Republican gubernatorial candidate and former weatherman Mark Ronchetti went on the attack at the pre-primary convention last Saturday — but his target wasn’t MLG; it was the GOP.
He called the nominating process “backbiting and backstabbing” with “cheap-shot cowards” who need to “grow up.” In a post-convention press release he said the convention “descended into chaos” and excluded people. “We need to do better,” he chided.
In the days that followed, the party took its shot.
On the GOP’s weekly podcast “Inside New Mexico,” chair Steve Pearce didn’t even mention Ronchetti. While Derek Underhill did acknowledge Ronchetti as a candidate, it was brief, unflattering, and followed segments of every other gubernatorial candidate’s convention speech.
“Mark Ronchetti only got 110 votes (16%), but he is on the ballot because he has a sufficient number of signatures as required by the secretary of state,” Underhilll said before going to commercial.
Ronchetti’s speech was not featured in the podcast.
As if the message wasn’t clear, the Republican Party of New Mexico’s Twitter page Monday posted individual videos of each of the candidates along with links to their websites where New Mexicans can “learn more” about the candidates.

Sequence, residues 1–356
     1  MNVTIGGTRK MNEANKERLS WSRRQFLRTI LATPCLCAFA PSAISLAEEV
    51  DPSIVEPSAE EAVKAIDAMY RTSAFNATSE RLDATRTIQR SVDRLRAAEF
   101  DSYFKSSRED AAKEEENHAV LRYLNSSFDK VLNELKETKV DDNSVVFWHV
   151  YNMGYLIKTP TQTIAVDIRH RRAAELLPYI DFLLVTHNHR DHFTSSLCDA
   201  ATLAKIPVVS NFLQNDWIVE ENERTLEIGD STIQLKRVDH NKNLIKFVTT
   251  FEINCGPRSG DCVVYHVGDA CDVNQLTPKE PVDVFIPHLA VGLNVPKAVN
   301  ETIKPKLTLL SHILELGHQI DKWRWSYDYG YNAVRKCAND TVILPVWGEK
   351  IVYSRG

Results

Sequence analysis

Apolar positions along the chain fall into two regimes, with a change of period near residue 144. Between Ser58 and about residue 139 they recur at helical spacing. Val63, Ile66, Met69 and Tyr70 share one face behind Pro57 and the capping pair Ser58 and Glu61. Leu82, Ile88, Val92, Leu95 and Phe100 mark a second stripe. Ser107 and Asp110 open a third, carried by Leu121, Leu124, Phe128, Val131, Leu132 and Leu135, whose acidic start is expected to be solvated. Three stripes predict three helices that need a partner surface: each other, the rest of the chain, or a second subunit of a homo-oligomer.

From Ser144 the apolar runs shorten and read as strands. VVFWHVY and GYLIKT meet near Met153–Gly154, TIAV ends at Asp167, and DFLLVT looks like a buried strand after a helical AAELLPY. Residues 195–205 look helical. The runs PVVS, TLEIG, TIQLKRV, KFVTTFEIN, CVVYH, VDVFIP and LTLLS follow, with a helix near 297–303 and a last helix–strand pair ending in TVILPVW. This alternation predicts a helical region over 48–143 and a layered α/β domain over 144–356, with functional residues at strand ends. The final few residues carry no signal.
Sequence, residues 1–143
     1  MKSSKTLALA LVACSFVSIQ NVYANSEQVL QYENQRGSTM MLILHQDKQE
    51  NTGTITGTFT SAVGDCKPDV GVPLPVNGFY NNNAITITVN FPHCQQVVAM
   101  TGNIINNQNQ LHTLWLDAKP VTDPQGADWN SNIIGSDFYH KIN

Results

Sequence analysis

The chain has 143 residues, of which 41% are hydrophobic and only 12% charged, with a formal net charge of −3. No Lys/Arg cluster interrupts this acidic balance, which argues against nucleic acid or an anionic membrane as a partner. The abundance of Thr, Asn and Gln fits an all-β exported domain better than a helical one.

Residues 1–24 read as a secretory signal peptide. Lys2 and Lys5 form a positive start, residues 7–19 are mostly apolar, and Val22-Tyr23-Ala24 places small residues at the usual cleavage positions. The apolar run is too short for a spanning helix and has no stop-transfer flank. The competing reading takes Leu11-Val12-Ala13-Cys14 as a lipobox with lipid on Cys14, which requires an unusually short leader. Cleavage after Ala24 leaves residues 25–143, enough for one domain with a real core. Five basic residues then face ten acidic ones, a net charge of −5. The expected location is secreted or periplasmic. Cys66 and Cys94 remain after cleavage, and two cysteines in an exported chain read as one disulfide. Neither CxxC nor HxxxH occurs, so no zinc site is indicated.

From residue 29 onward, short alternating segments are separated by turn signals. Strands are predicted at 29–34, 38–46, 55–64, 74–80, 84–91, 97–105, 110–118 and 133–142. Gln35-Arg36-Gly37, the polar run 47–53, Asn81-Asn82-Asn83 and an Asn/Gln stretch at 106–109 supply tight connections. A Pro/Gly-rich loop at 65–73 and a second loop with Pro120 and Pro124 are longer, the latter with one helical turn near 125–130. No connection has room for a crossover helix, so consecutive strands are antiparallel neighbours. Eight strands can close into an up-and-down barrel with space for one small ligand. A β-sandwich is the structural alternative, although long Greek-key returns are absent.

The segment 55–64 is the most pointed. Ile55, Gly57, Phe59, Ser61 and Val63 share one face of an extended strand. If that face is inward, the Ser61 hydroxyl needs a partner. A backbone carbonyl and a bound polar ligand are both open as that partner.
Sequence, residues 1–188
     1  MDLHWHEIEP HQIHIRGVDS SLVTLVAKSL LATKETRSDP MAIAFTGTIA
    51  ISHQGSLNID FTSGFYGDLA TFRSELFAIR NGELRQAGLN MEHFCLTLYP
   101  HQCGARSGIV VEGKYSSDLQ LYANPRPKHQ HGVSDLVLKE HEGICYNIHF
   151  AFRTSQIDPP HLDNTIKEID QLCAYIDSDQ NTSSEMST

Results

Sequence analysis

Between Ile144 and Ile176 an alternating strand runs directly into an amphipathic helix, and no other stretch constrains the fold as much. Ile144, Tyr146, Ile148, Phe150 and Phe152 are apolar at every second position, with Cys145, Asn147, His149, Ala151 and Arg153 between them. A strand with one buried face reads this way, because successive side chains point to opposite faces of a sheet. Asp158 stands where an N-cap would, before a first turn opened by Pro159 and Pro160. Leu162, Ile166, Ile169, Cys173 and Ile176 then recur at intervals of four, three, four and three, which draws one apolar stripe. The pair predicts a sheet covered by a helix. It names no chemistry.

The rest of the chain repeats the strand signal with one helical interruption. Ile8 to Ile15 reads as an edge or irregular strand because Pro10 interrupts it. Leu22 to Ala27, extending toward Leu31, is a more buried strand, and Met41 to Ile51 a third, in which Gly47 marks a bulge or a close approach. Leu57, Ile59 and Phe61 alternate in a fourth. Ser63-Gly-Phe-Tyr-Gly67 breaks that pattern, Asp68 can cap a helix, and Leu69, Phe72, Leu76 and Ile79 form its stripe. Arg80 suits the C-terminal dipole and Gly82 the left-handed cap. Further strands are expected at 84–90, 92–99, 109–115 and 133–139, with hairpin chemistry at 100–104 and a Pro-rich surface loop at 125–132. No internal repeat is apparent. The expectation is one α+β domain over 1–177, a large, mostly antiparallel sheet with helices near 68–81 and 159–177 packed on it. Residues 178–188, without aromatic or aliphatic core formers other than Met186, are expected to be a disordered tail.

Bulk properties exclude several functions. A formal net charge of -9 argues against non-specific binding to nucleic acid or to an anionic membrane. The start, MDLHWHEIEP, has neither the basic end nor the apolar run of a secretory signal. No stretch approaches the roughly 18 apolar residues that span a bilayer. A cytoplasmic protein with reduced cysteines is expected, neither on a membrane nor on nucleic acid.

Ronchetti again was snubbed.
Whatever bad blood exists between Ronchetti and the party, the division may not be all bad news for Ronchetti — at least not in the general election.
If there’s anything Democrats hate more than Donald Trump specifically, it’s Republicans generally. Being “anti-GOP” may be a good strategy for a general election candidate in a deep blue state.
But that ignores the primary, which is closed (meaning only registered Republicans can cast ballots). Ronchetti’s claim of raising $1.2 million in fundraising no doubt gives him a sense of financial independence, but it’s a questionable strategy to flip off the GOP when it is GOP voters who will nominate the party’s representative this June.
Ronchetti knew going into the convention that he didn’t have the delegate support to win — he took fourth place — so he went on the attack and released his delegates, telling them to support other candidates under the guise of inclusivity.
“We have friends in this room who aren’t speaking to each other because they find themselves on the other side,” he said.
Rather than making the case for why he is the best candidate to represent the Republican party, Ronchetti attacked the system.
But there are no friends in politics. Like in sports, you can be blood brothers off the field, but in the hour of competition, there are no rules. Ronchetti chose to fight the referees rather than his challengers, and he ended up losing to both.
Categories: 2022 Governor's Race